In the space I have at my disposal here I can only sketch, in the barest outline, some of the main features of the book Its main themes-and we should not be surprised by this-involve asking and answering deep, foundational moral questions about what morality is, how it should be understood, and what is the best moral theory, all considered. I hope I can convey something of the shape I think this theory takes. The attempt to do this will be (to use a word a friendly critic once used to describe my work) cerebral, perhaps too cerebral. But this is misleading. My feelings about how animals are sometimes treated run just as deep and just as strong as those of my more volatile compatriots. Philosophers do-to use the jargon of the day have a right side to their brains. If it's the left side we contribute (or mainly should), that's because what talents we have reside there.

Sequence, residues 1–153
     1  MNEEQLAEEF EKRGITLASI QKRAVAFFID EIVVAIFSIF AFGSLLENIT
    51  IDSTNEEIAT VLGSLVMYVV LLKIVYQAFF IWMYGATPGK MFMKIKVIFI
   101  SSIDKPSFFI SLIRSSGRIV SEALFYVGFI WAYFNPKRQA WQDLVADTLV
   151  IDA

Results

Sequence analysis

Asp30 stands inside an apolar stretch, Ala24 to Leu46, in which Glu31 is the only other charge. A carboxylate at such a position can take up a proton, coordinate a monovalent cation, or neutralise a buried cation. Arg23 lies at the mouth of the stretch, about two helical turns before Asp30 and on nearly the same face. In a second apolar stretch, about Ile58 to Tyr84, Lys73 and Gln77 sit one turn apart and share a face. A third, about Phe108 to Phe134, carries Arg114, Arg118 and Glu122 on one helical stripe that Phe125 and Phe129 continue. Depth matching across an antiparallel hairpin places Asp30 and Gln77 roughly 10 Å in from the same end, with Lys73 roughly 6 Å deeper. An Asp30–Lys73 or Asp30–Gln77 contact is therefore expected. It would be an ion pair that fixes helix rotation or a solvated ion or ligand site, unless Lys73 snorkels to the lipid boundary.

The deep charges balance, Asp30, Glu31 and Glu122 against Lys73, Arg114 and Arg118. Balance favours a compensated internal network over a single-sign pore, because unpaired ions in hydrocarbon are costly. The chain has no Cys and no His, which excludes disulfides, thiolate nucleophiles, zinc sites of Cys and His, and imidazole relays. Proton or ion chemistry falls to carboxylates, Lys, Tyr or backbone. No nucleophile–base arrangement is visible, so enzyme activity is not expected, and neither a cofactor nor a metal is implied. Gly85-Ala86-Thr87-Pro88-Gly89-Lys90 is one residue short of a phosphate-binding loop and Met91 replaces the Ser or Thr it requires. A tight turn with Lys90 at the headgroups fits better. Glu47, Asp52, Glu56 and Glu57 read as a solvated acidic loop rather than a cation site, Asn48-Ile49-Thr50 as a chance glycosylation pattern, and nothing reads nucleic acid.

Regan, T. (1986). A case for animal rights. In M.W. Fox & L.D. Mickley (Eds.), Advances in animal welfare science 1986/87 (pp. 179-189). Washington, DC: The Humane Society of the United States.